SPARQL-BI -- Extract and Contruct (DRAFT)

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SPARQL-BI Operator EXTRACT {…} FROM CONSTRUCT {…}…

**

Rationale

When data are gathered from heterogenous sources of various quality, running a SPARQL query may require some data enrichment to fetch or calculate missing items, canonicalize some parts of data etc.
Static data can be enriched once by running some amount of INSERT statements after loading raw data — static enrichment for static data.
That’s good for ease of writing queries on that data and the queries will run quickly, however loading next version of data will require re-running same INSERT statements again.
When the data are dynamic, the cost of everlasting enrichment can easily overweight conveniences of the querying.
SPARQL-BI offers a new operator suitable for ad-hoc enrichment of small portions of raw dynamic data during a run of a specific query.

CONSTRUCT operator as a data source for a group pattern

W3C SPARQL specification let the query access numerous RDF graphs identified by IRIs but does not provide a way to fill in ad-hoc graphs during the query run.
SPARQL-BI let a specific portion of query to run on result of CONSTRUCT statement.
The syntax is

{ EXTRACT { <group_pattern> } FROM CONSTRUCT { <ctor_triples> } WHERE { <group_pattern> } <solution_modifiers> }

First of all, WHERE {…}… clause forms solutions, like in any CONSTRUCT or SELECT query, using usual dataset of the query in a usual way.
Then CONSTRUCT {…} forms a list of RDF triples using bindings from solutions and external parameters.

The triples are stored as a temporary RDF graph.
EXTRACT {…} group pattern is applied to that RDF graph as if it were a plain default graph, the found solutions are solutions of the whole operator.

There are no restrictions on CONSTRUCT {…} and WHERE {…}… clauses; any grouping and other solution modifiers are allowed.

There is one restriction on EXTRACT {…} clause: the group pattern must not contain graph group patterns (i.e., GRAPH …{…} clauses).

Triple patterns of EXTRACT {…} deal with temporary graph only.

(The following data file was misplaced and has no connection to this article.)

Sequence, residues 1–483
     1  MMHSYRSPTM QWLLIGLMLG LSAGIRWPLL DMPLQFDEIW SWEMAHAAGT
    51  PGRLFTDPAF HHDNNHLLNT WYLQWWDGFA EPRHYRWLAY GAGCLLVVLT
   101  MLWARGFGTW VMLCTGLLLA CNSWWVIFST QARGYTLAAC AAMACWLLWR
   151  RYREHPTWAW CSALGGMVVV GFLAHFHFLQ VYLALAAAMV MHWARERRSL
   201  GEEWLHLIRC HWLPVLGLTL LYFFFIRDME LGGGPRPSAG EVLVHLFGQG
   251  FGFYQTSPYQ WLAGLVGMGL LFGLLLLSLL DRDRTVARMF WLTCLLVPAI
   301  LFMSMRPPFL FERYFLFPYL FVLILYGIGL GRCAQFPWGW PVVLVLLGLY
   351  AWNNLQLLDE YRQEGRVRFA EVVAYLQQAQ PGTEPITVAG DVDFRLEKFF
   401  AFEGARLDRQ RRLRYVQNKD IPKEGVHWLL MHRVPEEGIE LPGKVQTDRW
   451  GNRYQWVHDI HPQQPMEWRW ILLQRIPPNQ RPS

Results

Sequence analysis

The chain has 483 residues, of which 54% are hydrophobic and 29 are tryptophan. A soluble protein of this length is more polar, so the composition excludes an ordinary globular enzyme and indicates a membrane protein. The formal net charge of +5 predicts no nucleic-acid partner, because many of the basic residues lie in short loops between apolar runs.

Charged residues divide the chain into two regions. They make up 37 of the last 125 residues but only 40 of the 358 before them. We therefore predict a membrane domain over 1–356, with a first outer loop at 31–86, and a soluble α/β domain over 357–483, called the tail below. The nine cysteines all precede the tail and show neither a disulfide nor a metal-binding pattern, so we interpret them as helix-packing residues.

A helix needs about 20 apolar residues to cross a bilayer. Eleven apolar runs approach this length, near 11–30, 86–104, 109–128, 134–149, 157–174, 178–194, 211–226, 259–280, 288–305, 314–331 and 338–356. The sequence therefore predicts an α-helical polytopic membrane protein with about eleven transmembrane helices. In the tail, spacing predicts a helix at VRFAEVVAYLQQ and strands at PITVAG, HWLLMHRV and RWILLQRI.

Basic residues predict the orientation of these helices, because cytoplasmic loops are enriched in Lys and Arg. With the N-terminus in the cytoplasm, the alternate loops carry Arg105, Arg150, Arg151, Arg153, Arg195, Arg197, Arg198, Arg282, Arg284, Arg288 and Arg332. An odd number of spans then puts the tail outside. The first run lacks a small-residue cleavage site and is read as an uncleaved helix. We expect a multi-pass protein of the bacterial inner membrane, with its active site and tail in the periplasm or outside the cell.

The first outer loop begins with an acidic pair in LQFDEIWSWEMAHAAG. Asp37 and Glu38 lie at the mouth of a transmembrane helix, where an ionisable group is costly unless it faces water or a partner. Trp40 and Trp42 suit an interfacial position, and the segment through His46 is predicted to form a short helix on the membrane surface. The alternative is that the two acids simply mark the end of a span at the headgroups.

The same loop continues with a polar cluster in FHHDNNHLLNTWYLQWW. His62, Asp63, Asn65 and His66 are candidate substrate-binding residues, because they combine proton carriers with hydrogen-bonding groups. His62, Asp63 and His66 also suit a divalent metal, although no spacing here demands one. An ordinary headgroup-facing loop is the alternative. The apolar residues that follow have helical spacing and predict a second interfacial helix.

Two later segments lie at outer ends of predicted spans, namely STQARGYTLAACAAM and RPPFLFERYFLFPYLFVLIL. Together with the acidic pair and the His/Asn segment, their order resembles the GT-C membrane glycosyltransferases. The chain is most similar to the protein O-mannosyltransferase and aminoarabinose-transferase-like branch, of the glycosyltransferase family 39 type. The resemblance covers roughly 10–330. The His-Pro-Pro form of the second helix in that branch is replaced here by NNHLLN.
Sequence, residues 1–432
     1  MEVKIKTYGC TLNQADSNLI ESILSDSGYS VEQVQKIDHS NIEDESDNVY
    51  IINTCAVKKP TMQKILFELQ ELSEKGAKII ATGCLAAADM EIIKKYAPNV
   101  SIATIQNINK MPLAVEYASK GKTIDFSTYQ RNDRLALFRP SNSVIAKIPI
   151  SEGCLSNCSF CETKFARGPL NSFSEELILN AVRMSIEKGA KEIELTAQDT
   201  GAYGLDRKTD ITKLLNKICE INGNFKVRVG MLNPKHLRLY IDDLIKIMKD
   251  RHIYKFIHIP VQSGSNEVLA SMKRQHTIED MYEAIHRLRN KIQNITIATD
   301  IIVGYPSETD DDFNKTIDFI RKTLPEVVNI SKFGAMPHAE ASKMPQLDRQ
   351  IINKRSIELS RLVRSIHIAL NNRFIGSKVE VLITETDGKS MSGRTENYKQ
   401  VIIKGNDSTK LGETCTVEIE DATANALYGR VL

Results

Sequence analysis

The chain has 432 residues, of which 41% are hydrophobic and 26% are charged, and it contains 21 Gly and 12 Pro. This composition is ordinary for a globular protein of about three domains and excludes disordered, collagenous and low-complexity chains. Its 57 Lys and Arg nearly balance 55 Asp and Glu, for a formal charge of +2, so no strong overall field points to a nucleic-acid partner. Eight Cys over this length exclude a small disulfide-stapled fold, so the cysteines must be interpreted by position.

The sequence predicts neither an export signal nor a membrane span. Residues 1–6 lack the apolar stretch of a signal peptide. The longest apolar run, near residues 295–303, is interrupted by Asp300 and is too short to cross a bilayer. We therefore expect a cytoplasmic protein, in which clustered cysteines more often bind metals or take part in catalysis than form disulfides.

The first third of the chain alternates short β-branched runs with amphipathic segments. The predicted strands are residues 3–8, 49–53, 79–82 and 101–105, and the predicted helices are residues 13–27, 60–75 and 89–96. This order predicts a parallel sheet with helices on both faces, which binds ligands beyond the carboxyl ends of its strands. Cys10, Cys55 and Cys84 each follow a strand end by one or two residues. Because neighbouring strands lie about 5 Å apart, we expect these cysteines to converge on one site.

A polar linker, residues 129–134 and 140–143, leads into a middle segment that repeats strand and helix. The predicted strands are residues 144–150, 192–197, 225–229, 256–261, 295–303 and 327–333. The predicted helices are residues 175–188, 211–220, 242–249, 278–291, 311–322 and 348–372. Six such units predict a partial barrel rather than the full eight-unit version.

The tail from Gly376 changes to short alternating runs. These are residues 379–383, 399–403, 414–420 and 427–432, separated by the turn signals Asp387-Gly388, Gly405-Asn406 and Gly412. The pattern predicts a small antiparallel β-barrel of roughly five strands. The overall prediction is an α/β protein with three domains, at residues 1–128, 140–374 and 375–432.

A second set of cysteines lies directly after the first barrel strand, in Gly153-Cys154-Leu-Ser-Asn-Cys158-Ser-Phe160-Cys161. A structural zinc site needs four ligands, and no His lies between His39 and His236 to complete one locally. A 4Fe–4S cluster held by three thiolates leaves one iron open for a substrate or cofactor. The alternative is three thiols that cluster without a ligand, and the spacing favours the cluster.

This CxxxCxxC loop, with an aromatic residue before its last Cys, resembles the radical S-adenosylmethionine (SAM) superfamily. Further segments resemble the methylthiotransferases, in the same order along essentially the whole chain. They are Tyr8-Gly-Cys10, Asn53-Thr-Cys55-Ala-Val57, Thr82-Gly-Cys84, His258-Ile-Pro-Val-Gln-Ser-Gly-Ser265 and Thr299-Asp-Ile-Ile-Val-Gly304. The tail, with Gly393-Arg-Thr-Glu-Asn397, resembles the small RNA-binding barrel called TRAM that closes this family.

If EXTRACT clause should access some data outside the temporary graph, it should contain an explicit SELECT subquery; the subquery can use its own FROM and FROM NAMED clauses in a usual way.

Temporary graph is a graph of physical triples, but unlike usual triples stored in usual DB.DBA.RDF_QUAD table they reside in dedicated DB.DBA.RDF_QUAD_TMP table used solely by EXTRACT feature.
The structure of the table is identical to DB.DBA.RDF_QUAD, same G,S,P and O columns etc., but indicies differ due to different write/read patterns.

Multiple CONSTRUCTs for single EXTRACT

Data to be enriched are not necessarily uniform, so different parts may require different processing.

Moreover, a single source may require many different enrichment activities that will form different solutions and different grouping of results of that solutions.
Formally speaking, any combination of queries can be written as a single big CONSTRUCT over a big UNION of subqueries of all sorts, but the resulting behemoth operator is hard to maintain.

To eliminate the problem, EXTRACT operator can contain a list of CONSTRUCT {…} WHERE {…}… statements delimited by UNION keywords.
Statements are executed in an unspecified order and the constructed triples are all placed into single temporary graph.

Querying the mix of raw and constructed data

Consider an almost-fine dataset such that almost all objects in question have all desired properties and only small fraction needs an ad-hoc CONSTRUCT to get some of that properties calculated.

Duplicating of numerous existing properties into temporary graph seems to be waste of resources so some properties of some objects are only in raw data whereas the minor rest is stored temporarily.

Plain EXTRACT is not convenient for processing of the result, because every triple pattern of EXTRACT {…} clause will be applied to temporary graph or to raw data (when wrapped into a subquery with GRAPH…{…} ), but not to union of them.

Every triple pattern of plain EXTRACT {…} should be turned into a union of a triple pattern and a subquery; that is very inconvenient.

The workaround is a special syntax in UNION of CONSTRUCTs: the list may contain keyword STORAGE.

EXTRACT {…} FROM CONSTRUCT {…}… UNION STORAGE

will be compiled in such a way that temporary graph will be included into the context set of graphs.
I.e., if EXTRACT {…}… is placed inside graph group pattern then the temporary graph is added to the list of named graphs, as if it is in one of FROM NAMED … clauses;
otherwise the temporary graph is added to the list of named graphs, as if it is in one of FROM… clauses.

With this trick, triples created by enrichment and triples of raw data are interchangeable.
However subqueries inside EXTRACT {…} behaves same way regardless “…UNION STORAGE” trick.

CONSTRUCT macro

A CONSTRUCT statement (or a UNION-delimited list of them) can be used as a body of a macro definition.

This definition can be stored as any other macro definition.
The explicit macro invocation can be placed in EXTRACT operator like a plain CONSTRUCT, either alone or in UNION with other explicit macro invocations and CONSTRUCTs.
However one can not use the invocation of macro as a standalone CONSTRUCT operator.